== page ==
Consumer, green groups voice fears over EU-U.S. trade deal
BRUSSELS (Reuters) - Consumers risk losing out in a planned free-trade deal between Europe and the United States if big business succeeds in loosening standards, European consumer and environmental groups warned on Tuesday.
U.S. and European Union negotiators are holding a second round of talks in Brussels this week on what would be the world's biggest free-trade deal, with a special focus on reducing regulatory barriers to trade.
Monique Goyens, director general of the European consumer organisation BEUC, acknowledged that a trade agreement could lower prices and give consumers more choice.
"But all the benefits could be undermined by the risks of watering down European consumer regulation," she said.
BEUC, Friends of the Earth and the European Public Health Alliance told a joint news conference they were concerned that mutual recognition of regulations, designed to cut costs, would in fact result in the adoption of the lowest standards.
"It's difficult to see how you can have mutual recognition unless it's a race-to-the-bottom approach," said Friends of the Earth Europe director Magda Stoczkiewicz.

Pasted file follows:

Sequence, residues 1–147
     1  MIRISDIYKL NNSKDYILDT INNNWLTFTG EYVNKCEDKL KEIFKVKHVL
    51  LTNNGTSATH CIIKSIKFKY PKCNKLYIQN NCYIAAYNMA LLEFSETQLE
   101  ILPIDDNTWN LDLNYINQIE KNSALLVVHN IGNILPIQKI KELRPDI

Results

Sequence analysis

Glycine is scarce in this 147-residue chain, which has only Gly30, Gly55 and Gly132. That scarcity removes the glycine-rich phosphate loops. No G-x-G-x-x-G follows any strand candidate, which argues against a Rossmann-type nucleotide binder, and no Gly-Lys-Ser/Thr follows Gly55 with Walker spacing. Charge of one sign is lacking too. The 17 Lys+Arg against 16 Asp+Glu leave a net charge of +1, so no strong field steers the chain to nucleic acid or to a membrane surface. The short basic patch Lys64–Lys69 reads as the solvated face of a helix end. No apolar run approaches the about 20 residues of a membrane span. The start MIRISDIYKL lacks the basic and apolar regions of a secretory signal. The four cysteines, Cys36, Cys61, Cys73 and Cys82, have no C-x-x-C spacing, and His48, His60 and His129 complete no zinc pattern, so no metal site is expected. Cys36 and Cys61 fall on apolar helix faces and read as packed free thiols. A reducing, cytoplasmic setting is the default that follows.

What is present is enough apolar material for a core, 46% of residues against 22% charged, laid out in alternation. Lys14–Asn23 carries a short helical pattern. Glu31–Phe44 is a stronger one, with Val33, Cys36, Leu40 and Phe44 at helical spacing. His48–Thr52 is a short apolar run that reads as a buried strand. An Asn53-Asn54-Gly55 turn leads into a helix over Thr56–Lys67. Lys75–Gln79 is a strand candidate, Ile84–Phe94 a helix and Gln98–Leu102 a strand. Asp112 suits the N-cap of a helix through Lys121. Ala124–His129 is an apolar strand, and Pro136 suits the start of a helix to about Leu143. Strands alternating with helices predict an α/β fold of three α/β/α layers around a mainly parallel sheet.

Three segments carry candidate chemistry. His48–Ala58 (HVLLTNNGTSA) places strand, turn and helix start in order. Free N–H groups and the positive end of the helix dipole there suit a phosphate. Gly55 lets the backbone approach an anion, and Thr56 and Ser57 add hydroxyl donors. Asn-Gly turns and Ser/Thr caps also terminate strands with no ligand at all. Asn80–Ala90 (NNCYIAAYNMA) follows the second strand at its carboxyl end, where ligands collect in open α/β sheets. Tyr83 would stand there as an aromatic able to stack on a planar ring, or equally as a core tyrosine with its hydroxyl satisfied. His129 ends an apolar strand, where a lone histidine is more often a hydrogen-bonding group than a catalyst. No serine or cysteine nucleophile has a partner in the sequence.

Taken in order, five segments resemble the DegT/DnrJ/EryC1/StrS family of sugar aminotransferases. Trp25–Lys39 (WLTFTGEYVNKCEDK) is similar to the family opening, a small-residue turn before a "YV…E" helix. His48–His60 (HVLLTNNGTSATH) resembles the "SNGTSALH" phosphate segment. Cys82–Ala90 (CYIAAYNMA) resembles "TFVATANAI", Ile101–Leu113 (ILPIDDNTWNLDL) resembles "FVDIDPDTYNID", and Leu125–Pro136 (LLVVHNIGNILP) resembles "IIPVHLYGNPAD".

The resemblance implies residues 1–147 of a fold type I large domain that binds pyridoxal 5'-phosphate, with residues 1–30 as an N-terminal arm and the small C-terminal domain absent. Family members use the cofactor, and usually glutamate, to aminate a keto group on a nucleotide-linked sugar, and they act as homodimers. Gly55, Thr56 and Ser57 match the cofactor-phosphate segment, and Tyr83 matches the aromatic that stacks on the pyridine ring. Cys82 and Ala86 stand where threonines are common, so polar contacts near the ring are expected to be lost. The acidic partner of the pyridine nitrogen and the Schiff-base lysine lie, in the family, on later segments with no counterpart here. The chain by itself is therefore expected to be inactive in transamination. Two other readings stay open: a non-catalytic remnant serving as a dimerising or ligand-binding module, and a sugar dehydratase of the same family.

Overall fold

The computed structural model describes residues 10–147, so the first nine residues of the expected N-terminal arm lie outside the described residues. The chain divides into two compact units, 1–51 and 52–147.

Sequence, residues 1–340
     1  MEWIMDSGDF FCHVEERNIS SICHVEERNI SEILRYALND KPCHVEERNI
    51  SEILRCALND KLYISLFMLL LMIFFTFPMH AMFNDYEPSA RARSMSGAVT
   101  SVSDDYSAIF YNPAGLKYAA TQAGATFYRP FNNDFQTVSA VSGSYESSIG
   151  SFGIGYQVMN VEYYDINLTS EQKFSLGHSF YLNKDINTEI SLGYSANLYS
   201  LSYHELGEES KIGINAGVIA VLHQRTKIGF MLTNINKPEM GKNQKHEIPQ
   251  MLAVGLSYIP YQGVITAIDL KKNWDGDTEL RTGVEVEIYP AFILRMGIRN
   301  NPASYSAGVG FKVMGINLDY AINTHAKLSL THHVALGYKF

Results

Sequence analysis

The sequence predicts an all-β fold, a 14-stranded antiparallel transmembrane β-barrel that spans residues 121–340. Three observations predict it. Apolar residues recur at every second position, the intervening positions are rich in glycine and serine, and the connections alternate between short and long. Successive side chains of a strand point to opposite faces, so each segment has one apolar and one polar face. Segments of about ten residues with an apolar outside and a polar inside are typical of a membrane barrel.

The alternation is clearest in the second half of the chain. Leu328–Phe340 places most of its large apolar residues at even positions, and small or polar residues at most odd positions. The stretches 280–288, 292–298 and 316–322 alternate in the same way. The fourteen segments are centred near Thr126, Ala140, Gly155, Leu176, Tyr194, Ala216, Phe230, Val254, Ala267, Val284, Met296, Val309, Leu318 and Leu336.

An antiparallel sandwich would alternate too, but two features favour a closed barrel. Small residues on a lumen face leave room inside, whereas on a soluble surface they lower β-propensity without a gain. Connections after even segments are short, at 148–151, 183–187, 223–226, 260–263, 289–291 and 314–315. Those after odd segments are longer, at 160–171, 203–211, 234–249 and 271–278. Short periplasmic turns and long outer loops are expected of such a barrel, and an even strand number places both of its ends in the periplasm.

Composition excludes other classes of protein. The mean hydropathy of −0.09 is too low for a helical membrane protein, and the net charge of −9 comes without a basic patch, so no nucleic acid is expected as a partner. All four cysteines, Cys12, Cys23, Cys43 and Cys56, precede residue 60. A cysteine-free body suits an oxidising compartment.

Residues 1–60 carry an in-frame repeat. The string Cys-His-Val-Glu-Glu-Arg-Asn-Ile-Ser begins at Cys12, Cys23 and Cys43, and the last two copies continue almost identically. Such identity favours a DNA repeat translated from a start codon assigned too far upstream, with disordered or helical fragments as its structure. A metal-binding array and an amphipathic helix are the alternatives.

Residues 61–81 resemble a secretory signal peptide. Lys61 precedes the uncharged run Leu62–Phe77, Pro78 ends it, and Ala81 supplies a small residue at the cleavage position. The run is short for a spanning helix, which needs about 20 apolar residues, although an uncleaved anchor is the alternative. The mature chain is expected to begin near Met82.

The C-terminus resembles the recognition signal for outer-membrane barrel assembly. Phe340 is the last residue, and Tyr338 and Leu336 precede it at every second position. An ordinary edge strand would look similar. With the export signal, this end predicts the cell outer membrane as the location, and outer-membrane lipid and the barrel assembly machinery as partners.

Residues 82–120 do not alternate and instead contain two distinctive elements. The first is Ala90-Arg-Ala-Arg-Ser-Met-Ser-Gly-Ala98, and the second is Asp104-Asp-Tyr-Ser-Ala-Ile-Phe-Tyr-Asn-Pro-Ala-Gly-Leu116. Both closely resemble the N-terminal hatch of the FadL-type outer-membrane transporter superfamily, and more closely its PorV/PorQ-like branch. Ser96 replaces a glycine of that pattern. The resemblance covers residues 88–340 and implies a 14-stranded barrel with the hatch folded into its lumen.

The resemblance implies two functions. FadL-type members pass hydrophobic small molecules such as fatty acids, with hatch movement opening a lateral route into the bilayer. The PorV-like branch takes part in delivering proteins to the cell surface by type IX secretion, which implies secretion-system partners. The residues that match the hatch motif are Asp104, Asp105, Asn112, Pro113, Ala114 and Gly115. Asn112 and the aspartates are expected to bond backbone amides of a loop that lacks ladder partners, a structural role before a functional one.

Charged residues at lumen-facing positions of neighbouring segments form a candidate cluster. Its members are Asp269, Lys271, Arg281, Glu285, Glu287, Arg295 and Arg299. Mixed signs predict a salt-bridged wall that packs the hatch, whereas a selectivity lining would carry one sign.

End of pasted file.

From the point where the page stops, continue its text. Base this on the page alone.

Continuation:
EU Trade Commissioner Karel De Gucht has repeatedly said EU regulation on genetically modified (GM) food will not changed, but the United States considers this a trade barrier that must be reduced.
Consumers groups fear a deal will lead to more GM crops used in products sold in Europe, where there is widespread public distrust of the technology, with looser labelling rules preventing consumers from making informed choices.
The European Union has already dropped its ban on certain U.S. meat imports such as beef washed in lactic acid and poultry washed in chlorine. The United States is set to reopening its market closed to EU beef since 1998 over the mad cow scare.
The European associations said their comments were not designed as an attack on U.S. standards, but European consumers were broadly protected by a requirement that corporations prove their toys, chemicals and other products do not cause harm.
The U.S. approach is more to allow consumers to obtain damages for actual harm, they said.
U.S. consumers could also suffer if current tough regulations on medical devices, financial services or alcohol were watered down, they said.
Among the European associations' greatest concerns is a provision in the future trade deal that would allow foreign companies to bring claims against a country if it breaches the treaty. This, they said, would limit a country's right to pass laws to protect its citizens or the environment.
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